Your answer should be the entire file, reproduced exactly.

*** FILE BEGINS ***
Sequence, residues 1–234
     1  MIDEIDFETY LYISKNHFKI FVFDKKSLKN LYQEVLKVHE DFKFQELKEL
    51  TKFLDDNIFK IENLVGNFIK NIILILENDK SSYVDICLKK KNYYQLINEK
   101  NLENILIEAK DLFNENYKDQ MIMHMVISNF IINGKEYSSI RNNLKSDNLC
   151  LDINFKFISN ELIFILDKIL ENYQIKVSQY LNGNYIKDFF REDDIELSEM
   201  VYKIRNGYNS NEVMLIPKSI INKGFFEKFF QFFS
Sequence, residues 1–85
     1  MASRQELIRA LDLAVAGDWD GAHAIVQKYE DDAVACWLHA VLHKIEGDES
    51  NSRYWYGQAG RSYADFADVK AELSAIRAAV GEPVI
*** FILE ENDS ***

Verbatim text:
Sequence, residues 1–234
     1  MIDEIDFETY LYISKNHFKI FVFDKKSLKN LYQEVLKVHE DFKFQELKEL
    51  TKFLDDNIFK IENLVGNFIK NIILILENDK SSYVDICLKK KNYYQLINEK
   101  NLENILIEAK DLFNENYKDQ MIMHMVISNF IINGKEYSSI RNNLKSDNLC
   151  LDINFKFISN ELIFILDKIL ENYQIKVSQY LNGNYIKDFF REDDIELSEM
   201  VYKIRNGYNS NEVMLIPKSI INKGFFEKFF QFFS
Sequence, residues 1–85
     1  MASRQELIRA LDLAVAGDWD GAHAIVQKYE DDAVACWLHA VLHKIEGDES
    51  NSRYWYGQAG RSYADFADVK AELSAIRAAV GEPVI